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20 Big U.S. Cities that Should Worry About Sea Level Rise

By Alana Range

Sea level rise — we've heard about it, but what does it actually mean, and how will it affect you, and the community where you live?

Independent research has already predicted that by 2100, sea level may rise by one meter, due to a combination of the melting of land-based ice sheets and the warming oceans (when water warms, it expands). That gives us about 89 years until high tide is lapping at the door of many residents of Virginia Beach, New Orleans, and Miami, where some may need to find new homes on higher ground. But we already knew that.

A new study published by Climate Central's Ben Strauss and the University of Arizona's Jeremy Weiss and Jonathan Overpeck, takes a closer look at the problem of sea level rise. According to their research, rising sea levels could threaten an average of nine percent of the land within 180 U.S. coastal cities by 2100.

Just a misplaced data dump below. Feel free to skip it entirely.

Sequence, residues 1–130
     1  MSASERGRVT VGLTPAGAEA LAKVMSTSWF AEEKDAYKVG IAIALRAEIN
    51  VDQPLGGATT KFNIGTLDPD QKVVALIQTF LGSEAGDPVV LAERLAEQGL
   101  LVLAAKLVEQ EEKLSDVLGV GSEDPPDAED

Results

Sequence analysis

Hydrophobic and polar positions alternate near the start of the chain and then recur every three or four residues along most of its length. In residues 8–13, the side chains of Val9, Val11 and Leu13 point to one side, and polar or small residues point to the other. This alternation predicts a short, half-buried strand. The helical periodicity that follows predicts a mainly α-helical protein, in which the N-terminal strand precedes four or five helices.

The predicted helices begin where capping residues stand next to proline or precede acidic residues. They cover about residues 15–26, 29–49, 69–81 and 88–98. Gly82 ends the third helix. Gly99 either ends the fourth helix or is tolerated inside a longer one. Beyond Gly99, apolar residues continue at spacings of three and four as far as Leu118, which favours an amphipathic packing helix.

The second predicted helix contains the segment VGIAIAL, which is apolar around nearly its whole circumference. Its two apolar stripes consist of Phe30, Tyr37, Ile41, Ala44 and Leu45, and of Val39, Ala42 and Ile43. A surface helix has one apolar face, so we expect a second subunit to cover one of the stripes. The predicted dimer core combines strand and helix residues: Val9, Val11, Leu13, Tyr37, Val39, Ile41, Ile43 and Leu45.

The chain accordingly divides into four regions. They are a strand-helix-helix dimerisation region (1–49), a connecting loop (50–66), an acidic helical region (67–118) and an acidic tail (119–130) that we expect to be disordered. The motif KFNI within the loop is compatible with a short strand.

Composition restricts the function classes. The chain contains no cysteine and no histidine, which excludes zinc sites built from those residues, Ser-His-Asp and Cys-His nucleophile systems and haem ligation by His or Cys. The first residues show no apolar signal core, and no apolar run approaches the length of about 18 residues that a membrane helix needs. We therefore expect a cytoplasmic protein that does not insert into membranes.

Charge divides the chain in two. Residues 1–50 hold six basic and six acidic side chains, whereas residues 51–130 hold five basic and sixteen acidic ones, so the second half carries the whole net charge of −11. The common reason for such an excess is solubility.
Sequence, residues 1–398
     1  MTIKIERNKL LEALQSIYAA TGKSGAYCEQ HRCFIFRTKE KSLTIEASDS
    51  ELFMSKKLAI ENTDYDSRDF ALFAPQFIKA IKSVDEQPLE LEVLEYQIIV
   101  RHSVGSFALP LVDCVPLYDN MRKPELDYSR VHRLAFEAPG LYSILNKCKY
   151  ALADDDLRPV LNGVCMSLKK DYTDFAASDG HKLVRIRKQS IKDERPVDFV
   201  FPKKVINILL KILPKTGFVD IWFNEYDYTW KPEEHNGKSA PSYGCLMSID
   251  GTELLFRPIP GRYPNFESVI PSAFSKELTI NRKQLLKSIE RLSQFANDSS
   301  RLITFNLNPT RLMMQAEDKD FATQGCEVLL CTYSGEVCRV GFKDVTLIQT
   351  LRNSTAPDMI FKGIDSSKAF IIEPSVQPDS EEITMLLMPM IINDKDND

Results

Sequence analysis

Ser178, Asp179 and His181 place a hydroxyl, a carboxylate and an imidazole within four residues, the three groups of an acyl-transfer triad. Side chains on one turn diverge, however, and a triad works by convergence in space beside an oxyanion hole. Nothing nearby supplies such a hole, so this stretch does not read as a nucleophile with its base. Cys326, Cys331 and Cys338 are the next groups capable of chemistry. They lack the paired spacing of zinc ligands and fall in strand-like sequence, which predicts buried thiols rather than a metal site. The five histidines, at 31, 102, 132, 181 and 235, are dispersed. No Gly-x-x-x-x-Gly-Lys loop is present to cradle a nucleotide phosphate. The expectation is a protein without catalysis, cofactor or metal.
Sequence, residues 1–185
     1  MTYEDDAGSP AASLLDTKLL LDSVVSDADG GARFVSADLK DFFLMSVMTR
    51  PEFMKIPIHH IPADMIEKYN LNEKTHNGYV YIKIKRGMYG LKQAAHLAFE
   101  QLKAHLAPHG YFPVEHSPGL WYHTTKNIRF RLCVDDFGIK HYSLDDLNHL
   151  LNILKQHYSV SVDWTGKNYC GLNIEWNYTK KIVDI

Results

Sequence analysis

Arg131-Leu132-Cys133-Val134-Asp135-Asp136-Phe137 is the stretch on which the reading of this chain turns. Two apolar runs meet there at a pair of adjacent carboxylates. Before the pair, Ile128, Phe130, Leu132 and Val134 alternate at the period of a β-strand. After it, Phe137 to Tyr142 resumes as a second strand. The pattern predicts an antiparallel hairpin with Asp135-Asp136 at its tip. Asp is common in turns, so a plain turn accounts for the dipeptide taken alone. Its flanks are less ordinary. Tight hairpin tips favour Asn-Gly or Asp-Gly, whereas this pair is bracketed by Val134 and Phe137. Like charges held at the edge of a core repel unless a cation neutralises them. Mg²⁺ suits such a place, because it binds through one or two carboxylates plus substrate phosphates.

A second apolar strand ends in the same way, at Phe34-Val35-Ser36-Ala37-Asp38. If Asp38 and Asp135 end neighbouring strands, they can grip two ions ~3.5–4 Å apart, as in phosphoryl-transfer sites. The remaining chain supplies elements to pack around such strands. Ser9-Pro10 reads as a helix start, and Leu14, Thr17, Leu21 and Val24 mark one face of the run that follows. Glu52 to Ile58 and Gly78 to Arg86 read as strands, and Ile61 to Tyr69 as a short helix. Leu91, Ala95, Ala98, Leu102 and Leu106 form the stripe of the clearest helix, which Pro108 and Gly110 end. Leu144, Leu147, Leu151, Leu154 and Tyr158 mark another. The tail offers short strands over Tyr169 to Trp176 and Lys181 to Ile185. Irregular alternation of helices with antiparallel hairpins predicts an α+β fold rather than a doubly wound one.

Of the 180 cities the study examines, 20 cities have populations above 300,000, and 160 cities have populations between 50,000 and 300,000. For each city, the scientists reported the percentage of the city's land under 1-6 meters in elevation (about 3-20 feet). Only cities directly connected to the sea were included. What did they find?

"Nationally on average, approximately nine percent of the area in these coastal municipalities lies at or below one meter. This figure rises to 36 percent when considering area at or below six meters."

An interesting aspect of this paper is that it factors in the amount of sea level rise we're "committing" ourselves to this century by maintaining our current output of greenhouse gases, such as carbon dioxide (CO2). With no change in our emissions, the paper suggests that we could see oceans rise as much as six meters in the coming centuries.

In the slide show above, we've found photos to represent the 20 largest cities likely to be affected by sea level rise, according to this study. In addition to the population of each city, we've included the percentage of land under the six meter elevation point.

For more on this study, read Ben Strauss' blog entry.